This one couldn’t be easier (& it helped to slightly reduce our pumpkin supply).
Halve and slice one brown onion & start it cooking gently in a few Tblsp of olive oil. Finely slice & chop a thumb-sized piece of fresh ginger & add to the pan along with 4-5 finely sliced cloves of garlic. (We’ve just planted our garlic – 2 & 1/2 of our 2-m long raised beds. Should be a great crop.) Continue to cook until the onion is softening & turning translucent, then add 2 tsp ground coriander, 2 tsp ground cumin, as much chili as takes your fancy (I used 1/4 tsp) and 1/2 tsp salt). Cook a little longer, stirring, until the mix is fragrant, and then tip it into the bowl of your slow-cooker where you have already placed
1 butternut squash, peeled & de-seeded & cut into 2cm chunks; 3 medium potatoes, cut into 2cm chunks; a couple of red peppers, cut into strips; and a can of drained chickpeas – or, in my case, cannellini beans on account of I didn’t check the label before opening the can. Add 5oo mL of chicken stock, cover, & leave to cook on a low setting for about 5 hours.
At this point I tasted the curry & decided that although it smelled great it needed coconut; with no little cans of coconut milk in the pantry I added a couple of Tblsp of desiccated coconut instead 🙂 Plus 3 Tblsp of tomato paste to thicken the mix. Pretty much anything goes in this recipe! (If we hadn’t eaten a lot of spinach the previous night – spinach galettes with tomato passata – I’d have sliced some thinly & added towards the end of the cooking time.)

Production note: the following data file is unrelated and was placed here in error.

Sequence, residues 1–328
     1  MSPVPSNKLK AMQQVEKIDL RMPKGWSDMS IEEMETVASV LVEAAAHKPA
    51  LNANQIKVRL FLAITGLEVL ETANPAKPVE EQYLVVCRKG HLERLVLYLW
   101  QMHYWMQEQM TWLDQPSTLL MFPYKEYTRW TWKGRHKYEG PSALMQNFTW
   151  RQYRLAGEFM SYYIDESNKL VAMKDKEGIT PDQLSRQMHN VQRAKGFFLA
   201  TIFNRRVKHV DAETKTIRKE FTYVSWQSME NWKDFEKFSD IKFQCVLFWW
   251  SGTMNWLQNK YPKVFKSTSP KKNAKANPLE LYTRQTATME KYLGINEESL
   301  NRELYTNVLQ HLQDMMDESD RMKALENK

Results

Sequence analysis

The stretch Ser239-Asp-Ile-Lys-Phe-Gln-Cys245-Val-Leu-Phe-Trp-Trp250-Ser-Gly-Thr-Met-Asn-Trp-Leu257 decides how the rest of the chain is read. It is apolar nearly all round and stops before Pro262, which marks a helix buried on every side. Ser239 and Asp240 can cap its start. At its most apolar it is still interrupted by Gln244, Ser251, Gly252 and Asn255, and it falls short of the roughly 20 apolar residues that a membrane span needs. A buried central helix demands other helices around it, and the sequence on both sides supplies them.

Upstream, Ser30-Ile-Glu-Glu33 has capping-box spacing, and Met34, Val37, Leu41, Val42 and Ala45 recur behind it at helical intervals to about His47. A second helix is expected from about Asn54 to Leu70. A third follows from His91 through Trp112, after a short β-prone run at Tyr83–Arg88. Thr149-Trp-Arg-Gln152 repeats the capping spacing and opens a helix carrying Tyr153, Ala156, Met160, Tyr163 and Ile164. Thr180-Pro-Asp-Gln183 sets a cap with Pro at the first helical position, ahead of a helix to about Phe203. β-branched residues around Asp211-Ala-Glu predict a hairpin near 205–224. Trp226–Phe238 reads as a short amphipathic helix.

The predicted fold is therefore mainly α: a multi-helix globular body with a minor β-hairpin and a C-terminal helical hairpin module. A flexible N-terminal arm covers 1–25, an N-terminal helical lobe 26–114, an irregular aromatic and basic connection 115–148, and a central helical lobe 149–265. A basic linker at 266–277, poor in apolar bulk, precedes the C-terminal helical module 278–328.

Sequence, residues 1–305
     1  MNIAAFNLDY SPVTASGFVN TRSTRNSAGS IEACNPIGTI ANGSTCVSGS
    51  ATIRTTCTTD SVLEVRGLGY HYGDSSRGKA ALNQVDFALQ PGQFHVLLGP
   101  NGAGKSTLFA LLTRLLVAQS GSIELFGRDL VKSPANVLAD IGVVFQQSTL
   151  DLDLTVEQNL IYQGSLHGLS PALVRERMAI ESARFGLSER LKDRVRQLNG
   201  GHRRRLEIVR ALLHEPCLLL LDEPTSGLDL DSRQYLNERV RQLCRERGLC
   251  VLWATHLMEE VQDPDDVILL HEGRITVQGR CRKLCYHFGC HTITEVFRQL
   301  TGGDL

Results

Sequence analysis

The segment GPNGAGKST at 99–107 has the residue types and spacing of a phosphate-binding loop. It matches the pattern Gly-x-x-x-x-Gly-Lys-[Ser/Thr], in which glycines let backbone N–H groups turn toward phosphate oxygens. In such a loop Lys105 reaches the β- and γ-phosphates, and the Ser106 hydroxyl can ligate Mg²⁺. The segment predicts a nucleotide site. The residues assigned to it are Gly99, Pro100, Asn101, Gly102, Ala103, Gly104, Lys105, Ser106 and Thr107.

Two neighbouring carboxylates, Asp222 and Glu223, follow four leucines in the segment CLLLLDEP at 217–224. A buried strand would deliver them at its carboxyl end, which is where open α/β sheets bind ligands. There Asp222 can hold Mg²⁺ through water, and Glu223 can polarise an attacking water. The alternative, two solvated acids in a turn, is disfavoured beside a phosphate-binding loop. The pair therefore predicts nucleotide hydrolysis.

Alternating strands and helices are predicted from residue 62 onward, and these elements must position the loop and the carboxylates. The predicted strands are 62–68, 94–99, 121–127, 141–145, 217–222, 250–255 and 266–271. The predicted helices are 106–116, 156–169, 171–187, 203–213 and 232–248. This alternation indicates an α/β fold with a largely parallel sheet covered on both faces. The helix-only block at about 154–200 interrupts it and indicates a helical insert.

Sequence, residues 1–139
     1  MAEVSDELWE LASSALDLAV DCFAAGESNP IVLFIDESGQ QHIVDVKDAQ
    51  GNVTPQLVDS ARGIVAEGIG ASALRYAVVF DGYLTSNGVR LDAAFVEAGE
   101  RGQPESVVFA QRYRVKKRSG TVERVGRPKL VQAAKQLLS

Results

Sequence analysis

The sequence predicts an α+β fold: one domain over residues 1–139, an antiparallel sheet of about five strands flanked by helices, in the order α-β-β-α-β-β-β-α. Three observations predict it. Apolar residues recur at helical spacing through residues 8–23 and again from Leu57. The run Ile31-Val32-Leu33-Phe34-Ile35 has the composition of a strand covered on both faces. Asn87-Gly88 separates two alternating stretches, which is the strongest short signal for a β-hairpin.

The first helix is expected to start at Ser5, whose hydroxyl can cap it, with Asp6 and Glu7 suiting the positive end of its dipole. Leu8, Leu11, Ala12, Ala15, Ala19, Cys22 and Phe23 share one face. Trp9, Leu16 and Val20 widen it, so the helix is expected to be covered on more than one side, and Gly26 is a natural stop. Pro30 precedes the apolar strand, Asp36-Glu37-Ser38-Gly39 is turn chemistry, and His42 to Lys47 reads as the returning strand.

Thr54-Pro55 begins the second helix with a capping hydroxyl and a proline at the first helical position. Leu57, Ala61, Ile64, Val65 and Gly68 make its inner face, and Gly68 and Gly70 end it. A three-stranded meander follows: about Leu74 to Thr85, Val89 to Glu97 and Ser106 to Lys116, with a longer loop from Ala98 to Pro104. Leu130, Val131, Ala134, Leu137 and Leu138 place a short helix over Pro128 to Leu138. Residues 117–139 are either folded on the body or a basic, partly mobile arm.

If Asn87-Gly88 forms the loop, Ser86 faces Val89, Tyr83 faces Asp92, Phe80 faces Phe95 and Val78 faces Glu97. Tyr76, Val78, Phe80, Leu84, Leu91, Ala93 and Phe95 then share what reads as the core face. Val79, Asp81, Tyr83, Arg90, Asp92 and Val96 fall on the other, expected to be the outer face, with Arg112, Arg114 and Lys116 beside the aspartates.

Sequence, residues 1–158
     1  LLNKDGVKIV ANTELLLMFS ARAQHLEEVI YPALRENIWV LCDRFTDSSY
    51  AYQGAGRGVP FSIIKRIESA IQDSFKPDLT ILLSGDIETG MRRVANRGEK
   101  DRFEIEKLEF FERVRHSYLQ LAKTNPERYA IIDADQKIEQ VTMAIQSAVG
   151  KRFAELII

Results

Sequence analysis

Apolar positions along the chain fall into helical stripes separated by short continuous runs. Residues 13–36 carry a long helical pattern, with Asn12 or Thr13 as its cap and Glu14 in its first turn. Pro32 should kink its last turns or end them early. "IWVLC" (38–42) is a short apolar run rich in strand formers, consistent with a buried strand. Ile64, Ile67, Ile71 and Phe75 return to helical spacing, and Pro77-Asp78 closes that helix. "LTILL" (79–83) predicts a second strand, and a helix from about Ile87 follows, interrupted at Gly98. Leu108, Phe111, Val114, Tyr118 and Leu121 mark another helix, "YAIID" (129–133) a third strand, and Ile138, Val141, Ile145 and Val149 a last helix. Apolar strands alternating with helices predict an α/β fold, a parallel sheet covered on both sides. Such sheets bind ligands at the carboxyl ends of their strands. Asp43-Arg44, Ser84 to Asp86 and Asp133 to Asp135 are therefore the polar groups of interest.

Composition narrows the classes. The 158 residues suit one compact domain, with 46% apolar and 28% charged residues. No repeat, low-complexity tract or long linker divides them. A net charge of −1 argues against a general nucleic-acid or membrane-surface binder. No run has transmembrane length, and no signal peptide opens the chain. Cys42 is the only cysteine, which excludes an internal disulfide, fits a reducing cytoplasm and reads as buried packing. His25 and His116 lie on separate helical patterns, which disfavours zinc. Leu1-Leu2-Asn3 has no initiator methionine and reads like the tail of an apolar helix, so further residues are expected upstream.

Stir everything well and then add your meatballs. I used a cup of nice soft fresh breadcrumbs from yesterday’s loaf of beer bread, & added 1 egg, 2 Tblsp of finely chopped fresh mint, 2 tsp of garam masala, 1 Tblsp dark soy sauce & 300g of lamb mince. Mix this together really, really well & shape into small balls about the size of a walnut. They’ll be quite soft. Place them carefully in the curry & leave everything for another hour or so until the meatballs are cooked through.
You could serve with rice but we ate it on its own, with a little chopped fresh coriander sprinkled on top.
We”ve got a new pub in our neighbourhood: “Good Neighbour“, & by George it’s good! We rocked on down there the day after it opened – the place was buzzing, the service & food were great, & I am now a fan of their plum cider! And of the beer bread, which we devoured while waiting for our (equally delicious) mains to arrive.
In fact, I’ve been trying to come up with a similar loaf at home. The first time I made it, the beer was probably too ‘light’ (in colour & flavour, but then I am not a beer connoisseur), so the next time I used a ‘hoppier’ version that gave a lovely flavoursome loaf, slightly sweet & pleasantly chewy without losing softness. In fact, I’ve got another lot rising at the moment, & this time I’ve used the pub’s own sparkling ale, so we’re really looking forward to it coming out of the oven! What follows is the kneaded-by-breadmaker version – if making by hand then make a ‘sponge’ with the yeast, sugar, about a cup of flour & some of the liquid, then add the rest of the flour & the softened butter & knead away.